Peter Elson speaks to DAME LORNA MUIRHEAD, Lord Lieutenant of Merseyside
AS she manoeuvred along the seats to take her place at Prince William and Kate Middleton’s wedding in Westminster Abbey, one question kept nagging away at the back of Dame Lorna Muirhead’s mind.
Namely, what was an ordinary couple like Ronald and myself from Toxteth doing here?
“I thought, hey, I’m a midwife. It was Alice in Wonderland stuff,” she mused.
Dame Lorna, 70, describes herself as an establishment figure, whose role as Lord Lieutenant of Merseyside is to represent the Queen in her absence and to host Her Majesty on Royal visits.
It is in the former role that she will invest nine recipients with the revived British Empire Medal on October 17 at the Liverpool Athenaeum.
Yet Dame Lorna is more of a pathfinder than she initially allows. She has seen human kind literally from every angle: “And illness is the greatest leveller.”
In the millennium she became the first midwife to be made a dame since 1903.
“I came here in 1965 to work at Liverpool Maternity Hospital as a midwife and was largely caring for labouring women until I retired in 2005,” she said.
“For the last five years I went on the baby wards as a dame, but you get no deference from Scousers!”
“While doing midwifery I was among the first of my generation to be married and have children and juggle that.
“There were three big things that happened. I had to inform the administrators of my situation, I was paid no maternity leave and women still couldn’t get a mortgage in their name.
“So I went back part-time (which was very unusual) and found it difficult to get promotion. I learned the mantra that you can’t have it all.”
The turning point came aged 50, when her two children, James and Elizabeth, went to university, and her mother died.
“I was left with 10 years of professional life and I decided as I always had a lot to say and been professionally aware that I’d try and get elected to my professional body, the Royal College of Midwives and join its planning and strategic committee.
“Thinking I could help run the world’s oldest and biggest midwifery college was a very big step for someone used to going to work three times a week, but I achieved my goal and loved it, relishing the debate.
“I realised how parochial I was and grew up politically. I learned the things you moan about in the day room among colleagues are not the same full picture you have to grapple with as a manager. I also realised that politics is never pure.”
Then after three years on the council she even surprised herself by going for the top job. She said: “The college has an elected president and I rather foolishly threw my hat into the ring and astonishingly was elected twice, serving eight years as an ambassador for midwifery.”
She became an advisor to the World Health Organisation and five UK secretaries of state for health. Frank Dobson and Stephen Dorrell were her two favourites.
“It wasn’t froth and spin. I have much more respect for politicians than most of the public,” she said.
“Everyone wants to make the health service work, but just how? The NHS has served us well for over half a century, but it has to change and adapt.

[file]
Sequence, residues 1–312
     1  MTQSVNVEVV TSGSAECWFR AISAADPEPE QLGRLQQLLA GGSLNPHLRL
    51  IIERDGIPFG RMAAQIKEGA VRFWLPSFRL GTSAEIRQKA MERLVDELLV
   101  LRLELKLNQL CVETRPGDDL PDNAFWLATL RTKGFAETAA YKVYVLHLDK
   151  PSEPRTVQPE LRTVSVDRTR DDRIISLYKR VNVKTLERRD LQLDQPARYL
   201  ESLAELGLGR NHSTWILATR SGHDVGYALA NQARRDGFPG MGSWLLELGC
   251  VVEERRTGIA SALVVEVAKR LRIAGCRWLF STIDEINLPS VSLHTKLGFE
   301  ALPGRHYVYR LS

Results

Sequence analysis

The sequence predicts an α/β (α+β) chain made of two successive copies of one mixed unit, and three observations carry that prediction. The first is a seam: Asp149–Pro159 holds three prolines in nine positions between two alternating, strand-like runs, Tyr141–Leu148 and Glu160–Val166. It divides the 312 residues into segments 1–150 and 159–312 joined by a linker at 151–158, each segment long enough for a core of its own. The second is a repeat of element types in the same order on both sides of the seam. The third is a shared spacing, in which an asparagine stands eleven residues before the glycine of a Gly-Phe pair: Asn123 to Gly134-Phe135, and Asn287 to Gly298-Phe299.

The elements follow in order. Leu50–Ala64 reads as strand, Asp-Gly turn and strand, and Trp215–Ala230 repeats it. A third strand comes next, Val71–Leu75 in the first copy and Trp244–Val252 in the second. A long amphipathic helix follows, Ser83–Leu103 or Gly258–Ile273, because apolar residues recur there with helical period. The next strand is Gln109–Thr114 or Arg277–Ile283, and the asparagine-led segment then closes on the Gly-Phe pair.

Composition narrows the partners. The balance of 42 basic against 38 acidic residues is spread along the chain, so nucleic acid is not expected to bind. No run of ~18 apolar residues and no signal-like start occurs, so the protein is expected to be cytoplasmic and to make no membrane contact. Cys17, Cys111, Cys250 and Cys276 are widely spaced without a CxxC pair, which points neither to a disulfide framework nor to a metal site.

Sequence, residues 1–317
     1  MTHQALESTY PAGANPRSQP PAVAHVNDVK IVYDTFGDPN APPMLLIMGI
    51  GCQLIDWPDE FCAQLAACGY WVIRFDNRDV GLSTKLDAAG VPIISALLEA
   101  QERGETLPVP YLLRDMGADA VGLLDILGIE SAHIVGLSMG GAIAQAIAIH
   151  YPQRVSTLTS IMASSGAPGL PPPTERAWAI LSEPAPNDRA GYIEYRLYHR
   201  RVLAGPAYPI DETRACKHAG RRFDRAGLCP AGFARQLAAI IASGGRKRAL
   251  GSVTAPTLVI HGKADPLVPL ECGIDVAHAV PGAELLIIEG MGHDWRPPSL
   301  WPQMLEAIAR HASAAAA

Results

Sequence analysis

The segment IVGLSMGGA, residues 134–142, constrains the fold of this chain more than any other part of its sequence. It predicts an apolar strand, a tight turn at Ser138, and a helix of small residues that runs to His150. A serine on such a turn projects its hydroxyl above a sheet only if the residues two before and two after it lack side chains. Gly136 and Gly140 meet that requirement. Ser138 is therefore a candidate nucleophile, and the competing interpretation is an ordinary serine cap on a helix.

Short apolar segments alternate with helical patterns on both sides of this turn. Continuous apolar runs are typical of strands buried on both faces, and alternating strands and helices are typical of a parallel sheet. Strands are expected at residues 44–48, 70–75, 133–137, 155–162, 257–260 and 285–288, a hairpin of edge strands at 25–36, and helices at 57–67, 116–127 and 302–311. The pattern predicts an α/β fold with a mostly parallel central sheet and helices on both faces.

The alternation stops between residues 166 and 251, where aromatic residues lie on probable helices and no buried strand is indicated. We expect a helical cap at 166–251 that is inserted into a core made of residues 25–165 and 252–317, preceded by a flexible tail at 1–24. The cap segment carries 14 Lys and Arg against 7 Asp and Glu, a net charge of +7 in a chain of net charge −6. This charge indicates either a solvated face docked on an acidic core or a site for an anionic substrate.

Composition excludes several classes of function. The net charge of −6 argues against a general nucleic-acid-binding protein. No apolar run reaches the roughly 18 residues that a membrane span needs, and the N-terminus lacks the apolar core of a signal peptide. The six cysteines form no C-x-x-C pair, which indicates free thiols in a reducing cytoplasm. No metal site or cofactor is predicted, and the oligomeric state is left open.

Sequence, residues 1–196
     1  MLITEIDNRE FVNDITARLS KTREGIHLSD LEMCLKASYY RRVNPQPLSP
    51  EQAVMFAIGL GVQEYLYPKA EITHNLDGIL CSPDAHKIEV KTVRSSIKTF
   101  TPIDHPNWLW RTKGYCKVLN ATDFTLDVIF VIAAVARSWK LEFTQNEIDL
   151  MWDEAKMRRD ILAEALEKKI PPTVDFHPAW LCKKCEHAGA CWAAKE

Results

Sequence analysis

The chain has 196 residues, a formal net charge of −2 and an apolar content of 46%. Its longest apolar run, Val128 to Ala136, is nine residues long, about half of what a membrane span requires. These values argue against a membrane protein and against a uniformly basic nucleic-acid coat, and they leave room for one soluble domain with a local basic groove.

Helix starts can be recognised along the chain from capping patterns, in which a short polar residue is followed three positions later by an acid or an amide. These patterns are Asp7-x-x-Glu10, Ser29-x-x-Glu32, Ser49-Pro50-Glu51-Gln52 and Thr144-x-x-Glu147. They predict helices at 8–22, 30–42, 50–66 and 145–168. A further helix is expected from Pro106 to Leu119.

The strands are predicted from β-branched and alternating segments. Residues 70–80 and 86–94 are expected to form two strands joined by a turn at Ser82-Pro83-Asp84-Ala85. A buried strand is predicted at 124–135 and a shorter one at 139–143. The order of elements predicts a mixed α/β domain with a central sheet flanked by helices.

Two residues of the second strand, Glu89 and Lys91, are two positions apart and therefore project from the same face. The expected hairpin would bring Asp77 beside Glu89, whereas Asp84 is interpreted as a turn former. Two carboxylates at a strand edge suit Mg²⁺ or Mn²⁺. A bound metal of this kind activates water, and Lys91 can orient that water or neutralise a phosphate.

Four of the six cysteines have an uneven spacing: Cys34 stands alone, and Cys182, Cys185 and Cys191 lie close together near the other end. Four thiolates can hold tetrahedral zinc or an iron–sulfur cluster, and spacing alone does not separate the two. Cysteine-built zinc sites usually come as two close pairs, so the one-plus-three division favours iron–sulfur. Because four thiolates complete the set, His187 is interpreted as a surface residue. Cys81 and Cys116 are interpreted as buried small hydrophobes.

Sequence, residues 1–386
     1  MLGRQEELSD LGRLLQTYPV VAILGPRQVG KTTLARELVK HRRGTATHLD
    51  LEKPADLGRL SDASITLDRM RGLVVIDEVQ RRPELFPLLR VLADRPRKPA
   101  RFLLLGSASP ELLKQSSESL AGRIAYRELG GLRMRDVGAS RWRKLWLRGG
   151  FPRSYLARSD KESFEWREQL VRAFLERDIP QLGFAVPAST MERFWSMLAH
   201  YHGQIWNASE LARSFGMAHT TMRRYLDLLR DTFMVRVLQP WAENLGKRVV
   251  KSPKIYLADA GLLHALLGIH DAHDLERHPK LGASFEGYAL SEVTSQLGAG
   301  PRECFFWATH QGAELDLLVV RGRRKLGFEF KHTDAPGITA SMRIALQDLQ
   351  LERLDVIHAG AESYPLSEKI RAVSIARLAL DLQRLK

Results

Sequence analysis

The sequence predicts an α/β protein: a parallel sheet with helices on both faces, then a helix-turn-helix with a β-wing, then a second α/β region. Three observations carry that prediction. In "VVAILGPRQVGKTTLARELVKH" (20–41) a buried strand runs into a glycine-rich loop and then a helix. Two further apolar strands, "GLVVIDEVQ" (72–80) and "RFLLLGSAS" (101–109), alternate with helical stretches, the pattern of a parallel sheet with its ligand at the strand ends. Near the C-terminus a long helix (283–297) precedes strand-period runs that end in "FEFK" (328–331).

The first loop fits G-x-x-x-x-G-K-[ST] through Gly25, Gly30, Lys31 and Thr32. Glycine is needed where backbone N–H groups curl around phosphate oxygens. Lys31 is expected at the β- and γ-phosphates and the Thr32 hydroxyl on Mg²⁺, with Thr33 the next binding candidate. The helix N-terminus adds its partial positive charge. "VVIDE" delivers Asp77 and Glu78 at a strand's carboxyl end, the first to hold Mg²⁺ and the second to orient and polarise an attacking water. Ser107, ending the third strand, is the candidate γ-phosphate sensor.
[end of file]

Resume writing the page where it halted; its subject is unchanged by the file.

“Caring for the sick and needy is the number one priority, but research and development is moving on all the time and someone has to pay for it.
“I joined the NHS in its first decade and people were so utterly grateful as for the first time they didn’t have to decide whether to feed their family or call a doctor. Inevitably, we promised more than we want to pay for.
“But if someone has cancer and there are drugs to keep them going you can’t blame them for wanting treatment.
“In medicine you’re never satisfied with your performance and it’s a journey about always trying to make things better.”
She has, though, witnessed massive improvements in the survival levels of mothers and babies during her career.
“There were no special baby units when I started and any babies under five and a half pounds were thought very compromised.
“I’ve loved being in Liverpool and have been hugely privileged to work with staff who had an influence worldwide on mothers and babies.
“It was a masterstroke, too, to locate Liverpool Women’s Hospital as a means of regeneration in that area.”
Having become a Deputy Lord Lieutenant (an accolade for those who have done well in the county), she “inexplicably” was asked to be Lord Lieutenant of Merseyside after Sir Alan Waterworth retired.
“I now know they wanted a woman and I would have dismissed it as tokenism. Yet it’s been fabulous. Not a job, but a way of life and I do little else, thanks to my husband’s terrific support. It took me outside the NHS silo and I meet amazing people. I’ll be very jealous of my successor in five years’ time.”
UNSURPRISINGLY, Dame Lorna’s favourite film is The Queen, starring Helen Mirren.
Of the Queen herself, Dame Lorna said: “The Queen in her actions and demeanour is very conservative, but in thoughts she is very progressive. I’m not her mate. It’s not ‘hello Lorna, how are you?’. But she’s got a great sense of humour. When we told her Masterchef winner Claire Lara would cook for her in New Brighton she said, ‘Philip will love that, he watches all those programmes!’
“Kate Middleton is lovely. Well-informed and knows what she’s taken on and has a steeliness to cope.”
Dame Lorna’s also dealt with Merseyside’s royalty – helping deliver the Walton sextuplets in 1983.
Education: Girls grammar school, Coalport, Shropshire; State Registered Nurse/Midwife,
Family: Husband Ronald, retired bio-chemist, grown-up son James and daughter Elizabeth
Favourite music: La Traviata
Favourite book: Oxford Book of English Verse
Personal Motto: Give commitment sparingly and honour it completely